5 Recession Resistant Dividend Stocks For The Long Run

Includes: MKC, SJM, SYY, UVV, WBA
by: Dividendinvestr

By Serkan Unal

Mergent's "Dividend Achievers" index tracks companies that have raised dividends for at least ten consecutive years. The companies making up the index boast strong cash reserves, solid balance sheets, and a proven record of consistent earnings growth. All Dividend Achiever stocks have a two-month average daily trading volume in excess of $500,000. The broadest index, U.S. Broad Dividend Achievers Index, consists of some 199 dividend-paying stocks.

We focus on five consumer goods dividend achievers with strong earnings performance and the capacity to generate attractive income in the future. Consumer goods companies generally hold up well during recessions. The featured stocks are either growth plays, benefiting from the robust demand dynamics, the companies characterized by earnings and dividend stability, or firms with a strong capacity to maneuver any potential slowdowns with their strong pricing power and the ability to adapt to new situations.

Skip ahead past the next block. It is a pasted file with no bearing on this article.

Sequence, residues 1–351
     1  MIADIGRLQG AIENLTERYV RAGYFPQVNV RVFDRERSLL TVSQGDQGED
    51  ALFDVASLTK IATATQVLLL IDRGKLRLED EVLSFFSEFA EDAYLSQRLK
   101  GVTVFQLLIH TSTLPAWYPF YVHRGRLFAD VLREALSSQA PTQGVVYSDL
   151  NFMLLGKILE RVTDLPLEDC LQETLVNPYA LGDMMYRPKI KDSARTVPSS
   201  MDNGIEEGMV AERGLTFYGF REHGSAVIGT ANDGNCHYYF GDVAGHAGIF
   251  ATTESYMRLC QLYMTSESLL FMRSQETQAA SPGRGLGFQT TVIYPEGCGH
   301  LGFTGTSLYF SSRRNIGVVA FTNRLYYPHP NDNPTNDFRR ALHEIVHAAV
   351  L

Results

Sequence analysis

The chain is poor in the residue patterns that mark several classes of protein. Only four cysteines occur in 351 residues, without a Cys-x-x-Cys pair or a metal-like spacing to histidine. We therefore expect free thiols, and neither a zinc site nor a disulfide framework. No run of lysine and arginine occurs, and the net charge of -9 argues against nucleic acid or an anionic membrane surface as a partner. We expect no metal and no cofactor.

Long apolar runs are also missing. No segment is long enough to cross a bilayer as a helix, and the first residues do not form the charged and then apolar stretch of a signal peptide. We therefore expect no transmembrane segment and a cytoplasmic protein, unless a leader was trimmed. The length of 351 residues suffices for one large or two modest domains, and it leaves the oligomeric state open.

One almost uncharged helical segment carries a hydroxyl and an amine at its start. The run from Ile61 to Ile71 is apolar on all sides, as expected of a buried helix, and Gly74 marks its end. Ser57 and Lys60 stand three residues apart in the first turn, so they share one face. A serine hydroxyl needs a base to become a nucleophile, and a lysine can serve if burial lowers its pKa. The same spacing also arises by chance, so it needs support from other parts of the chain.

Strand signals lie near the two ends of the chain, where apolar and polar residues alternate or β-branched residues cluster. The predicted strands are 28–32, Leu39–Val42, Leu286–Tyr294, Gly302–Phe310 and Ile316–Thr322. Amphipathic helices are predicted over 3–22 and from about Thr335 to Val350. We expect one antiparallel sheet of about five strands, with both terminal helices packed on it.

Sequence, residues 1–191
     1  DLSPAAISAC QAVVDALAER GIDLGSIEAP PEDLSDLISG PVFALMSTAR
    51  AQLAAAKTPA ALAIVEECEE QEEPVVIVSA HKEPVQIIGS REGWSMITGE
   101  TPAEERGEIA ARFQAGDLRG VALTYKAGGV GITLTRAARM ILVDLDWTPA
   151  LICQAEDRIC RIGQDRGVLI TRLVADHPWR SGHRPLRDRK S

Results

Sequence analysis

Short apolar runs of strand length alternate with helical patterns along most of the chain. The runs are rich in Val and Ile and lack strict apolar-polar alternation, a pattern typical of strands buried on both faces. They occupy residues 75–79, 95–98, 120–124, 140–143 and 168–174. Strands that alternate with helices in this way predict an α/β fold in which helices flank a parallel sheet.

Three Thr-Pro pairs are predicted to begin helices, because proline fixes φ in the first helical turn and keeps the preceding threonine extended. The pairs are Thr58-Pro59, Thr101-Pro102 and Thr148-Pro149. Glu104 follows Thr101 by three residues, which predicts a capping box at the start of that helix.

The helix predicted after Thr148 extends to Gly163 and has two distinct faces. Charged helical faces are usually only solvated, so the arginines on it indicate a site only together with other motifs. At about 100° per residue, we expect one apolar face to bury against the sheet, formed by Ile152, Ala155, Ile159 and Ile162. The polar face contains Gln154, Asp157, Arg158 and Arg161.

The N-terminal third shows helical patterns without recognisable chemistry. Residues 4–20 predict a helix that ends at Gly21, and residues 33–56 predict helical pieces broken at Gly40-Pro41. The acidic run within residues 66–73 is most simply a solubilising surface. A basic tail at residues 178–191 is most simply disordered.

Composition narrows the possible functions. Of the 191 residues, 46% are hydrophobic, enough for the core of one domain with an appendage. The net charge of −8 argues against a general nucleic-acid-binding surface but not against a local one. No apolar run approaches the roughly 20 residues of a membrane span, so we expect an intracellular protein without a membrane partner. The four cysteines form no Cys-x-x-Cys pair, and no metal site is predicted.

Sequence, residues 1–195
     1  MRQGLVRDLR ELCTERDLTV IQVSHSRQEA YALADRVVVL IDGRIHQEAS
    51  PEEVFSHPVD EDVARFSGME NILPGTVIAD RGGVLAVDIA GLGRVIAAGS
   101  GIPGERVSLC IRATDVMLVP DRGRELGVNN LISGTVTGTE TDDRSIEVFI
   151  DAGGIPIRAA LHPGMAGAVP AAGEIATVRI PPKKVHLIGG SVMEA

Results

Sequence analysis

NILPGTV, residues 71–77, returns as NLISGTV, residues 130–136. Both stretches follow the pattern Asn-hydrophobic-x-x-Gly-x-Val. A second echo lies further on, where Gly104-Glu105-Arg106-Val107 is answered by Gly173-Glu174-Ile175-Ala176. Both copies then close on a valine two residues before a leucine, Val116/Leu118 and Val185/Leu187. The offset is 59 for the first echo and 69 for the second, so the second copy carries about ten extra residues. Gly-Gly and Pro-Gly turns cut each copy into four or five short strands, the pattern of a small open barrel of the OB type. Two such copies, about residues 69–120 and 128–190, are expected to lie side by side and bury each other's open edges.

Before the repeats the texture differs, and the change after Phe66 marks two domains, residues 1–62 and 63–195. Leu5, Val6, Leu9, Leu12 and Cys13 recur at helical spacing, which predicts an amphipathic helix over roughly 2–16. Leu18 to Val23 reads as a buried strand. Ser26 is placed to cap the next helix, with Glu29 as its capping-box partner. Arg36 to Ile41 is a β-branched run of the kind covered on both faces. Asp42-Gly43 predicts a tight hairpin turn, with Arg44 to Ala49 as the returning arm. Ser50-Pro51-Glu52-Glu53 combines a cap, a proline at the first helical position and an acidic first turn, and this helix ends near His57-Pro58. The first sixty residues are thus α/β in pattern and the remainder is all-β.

The J. M. Smucker Company (NYSE:SJM) is a manufacturer and marketer of branded consumer products, including, inter alia, coffee, jams, preserves, and jellies. Some of its popular brands include Folgers, Millstone, Pillsbury, Crisco, and Café Bustelo. The company has a dividend yield of 2.5% and a payout ratio of 49%. Its peers Nestle (OTCPK:NSRGY) and Unilever (NYSE:UL) both pay dividend yields of 3.3%. Over the past five years, the company's EPS and dividends grew at average annual rates of 8.0% and 11.1%, respectively. EPS growth is expected to average around 8.5% annually for the next half decade. The stock's free cash flow is 6.1% of the company's market capitalization. Its ROE is at 9%. The J. M. Smucker Company reported EPS that beat analyst expectations for the previous quarter and upped its earnings guidance for fiscal 2013 from $5.00-$5.10 per share to $5.12-$5.22 per share. The growth is driven by the recently-acquired North American foods ervice coffee and hot beverage business from Sara Lee Corporation. The J. M. Smucker Company has a portfolio of strong brands, robust growth estimates, a competitive dividend yield, and attractive valuation. The stock is trading at a forward P/E of 15.6, which is a discount to the average ratio of 17 for its respective industry. Among fund managers, John W. Rogers (Ariel Investments-check out its top picks) and Jim Simons are bullish about the stock.